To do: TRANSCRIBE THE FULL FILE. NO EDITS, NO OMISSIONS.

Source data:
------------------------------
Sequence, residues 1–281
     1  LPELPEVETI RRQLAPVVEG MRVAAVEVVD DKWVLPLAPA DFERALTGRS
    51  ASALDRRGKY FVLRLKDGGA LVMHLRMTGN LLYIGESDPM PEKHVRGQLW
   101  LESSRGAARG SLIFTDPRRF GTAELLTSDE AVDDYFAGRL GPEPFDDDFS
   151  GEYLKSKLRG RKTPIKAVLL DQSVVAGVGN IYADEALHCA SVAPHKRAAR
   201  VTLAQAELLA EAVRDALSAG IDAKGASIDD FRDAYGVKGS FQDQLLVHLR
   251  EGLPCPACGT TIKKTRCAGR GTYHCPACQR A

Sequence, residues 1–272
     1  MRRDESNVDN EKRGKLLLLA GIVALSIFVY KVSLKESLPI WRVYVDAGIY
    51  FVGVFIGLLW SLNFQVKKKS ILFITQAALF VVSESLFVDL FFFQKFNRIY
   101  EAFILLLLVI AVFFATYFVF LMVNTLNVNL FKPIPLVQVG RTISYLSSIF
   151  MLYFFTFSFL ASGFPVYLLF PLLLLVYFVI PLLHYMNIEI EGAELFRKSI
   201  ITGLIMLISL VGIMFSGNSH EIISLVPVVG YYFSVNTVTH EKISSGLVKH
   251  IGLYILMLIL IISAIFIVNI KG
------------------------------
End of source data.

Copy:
Sequence, residues 1–281
     1  LPELPEVETI RRQLAPVVEG MRVAAVEVVD DKWVLPLAPA DFERALTGRS
    51  ASALDRRGKY FVLRLKDGGA LVMHLRMTGN LLYIGESDPM PEKHVRGQLW
   101  LESSRGAARG SLIFTDPRRF GTAELLTSDE AVDDYFAGRL GPEPFDDDFS
   151  GEYLKSKLRG RKTPIKAVLL DQSVVAGVGN IYADEALHCA SVAPHKRAAR
   201  VTLAQAELLA EAVRDALSAG IDAKGASIDD FRDAYGVKGS FQDQLLVHLR
   251  EGLPCPACGT TIKKTRCAGR GTYHCPACQR A

Sequence, residues 1–272
     1  MRRDESNVDN EKRGKLLLLA GIVALSIFVY KVSLKESLPI WRVYVDAGIY
    51  FVGVFIGLLW SLNFQVKKKS ILFITQAALF VVSESLFVDL FFFQKFNRIY
   101  EAFILLLLVI AVFFATYFVF LMVNTLNVNL FKPIPLVQVG RTISYLSSIF
   151  MLYFFTFSFL ASGFPVYLLF PLLLLVYFVI PLLHYMNIEI EGAELFRKSI
   201  ITGLIMLISL VGIMFSGNSH EIISLVPVVG YYFSVNTVTH EKISSGLVKH
   251  IGLYILMLIL IISAIFIVNI KG